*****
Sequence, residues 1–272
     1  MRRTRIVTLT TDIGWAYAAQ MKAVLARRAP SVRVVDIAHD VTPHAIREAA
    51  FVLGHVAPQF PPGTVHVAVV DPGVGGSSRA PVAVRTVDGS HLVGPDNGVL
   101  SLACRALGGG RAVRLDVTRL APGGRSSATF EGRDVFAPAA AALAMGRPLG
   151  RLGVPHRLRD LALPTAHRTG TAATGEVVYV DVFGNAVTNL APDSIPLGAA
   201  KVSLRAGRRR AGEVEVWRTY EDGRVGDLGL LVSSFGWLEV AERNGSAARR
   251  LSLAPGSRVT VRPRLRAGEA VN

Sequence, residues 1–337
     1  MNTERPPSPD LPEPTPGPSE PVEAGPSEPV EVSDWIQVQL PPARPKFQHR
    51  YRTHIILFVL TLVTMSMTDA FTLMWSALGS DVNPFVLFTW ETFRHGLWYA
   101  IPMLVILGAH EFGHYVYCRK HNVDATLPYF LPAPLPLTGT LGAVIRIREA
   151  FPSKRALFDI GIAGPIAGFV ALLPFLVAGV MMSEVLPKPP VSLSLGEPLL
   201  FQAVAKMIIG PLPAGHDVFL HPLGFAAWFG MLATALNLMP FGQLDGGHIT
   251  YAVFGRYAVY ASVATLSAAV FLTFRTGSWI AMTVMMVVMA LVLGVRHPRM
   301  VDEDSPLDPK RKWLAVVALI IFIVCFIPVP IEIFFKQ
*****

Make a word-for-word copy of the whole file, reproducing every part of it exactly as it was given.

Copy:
Sequence, residues 1–272
     1  MRRTRIVTLT TDIGWAYAAQ MKAVLARRAP SVRVVDIAHD VTPHAIREAA
    51  FVLGHVAPQF PPGTVHVAVV DPGVGGSSRA PVAVRTVDGS HLVGPDNGVL
   101  SLACRALGGG RAVRLDVTRL APGGRSSATF EGRDVFAPAA AALAMGRPLG
   151  RLGVPHRLRD LALPTAHRTG TAATGEVVYV DVFGNAVTNL APDSIPLGAA
   201  KVSLRAGRRR AGEVEVWRTY EDGRVGDLGL LVSSFGWLEV AERNGSAARR
   251  LSLAPGSRVT VRPRLRAGEA VN

Sequence, residues 1–337
     1  MNTERPPSPD LPEPTPGPSE PVEAGPSEPV EVSDWIQVQL PPARPKFQHR
    51  YRTHIILFVL TLVTMSMTDA FTLMWSALGS DVNPFVLFTW ETFRHGLWYA
   101  IPMLVILGAH EFGHYVYCRK HNVDATLPYF LPAPLPLTGT LGAVIRIREA
   151  FPSKRALFDI GIAGPIAGFV ALLPFLVAGV MMSEVLPKPP VSLSLGEPLL
   201  FQAVAKMIIG PLPAGHDVFL HPLGFAAWFG MLATALNLMP FGQLDGGHIT
   251  YAVFGRYAVY ASVATLSAAV FLTFRTGSWI AMTVMMVVMA LVLGVRHPRM
   301  VDEDSPLDPK RKWLAVVALI IFIVCFIPVP IEIFFKQ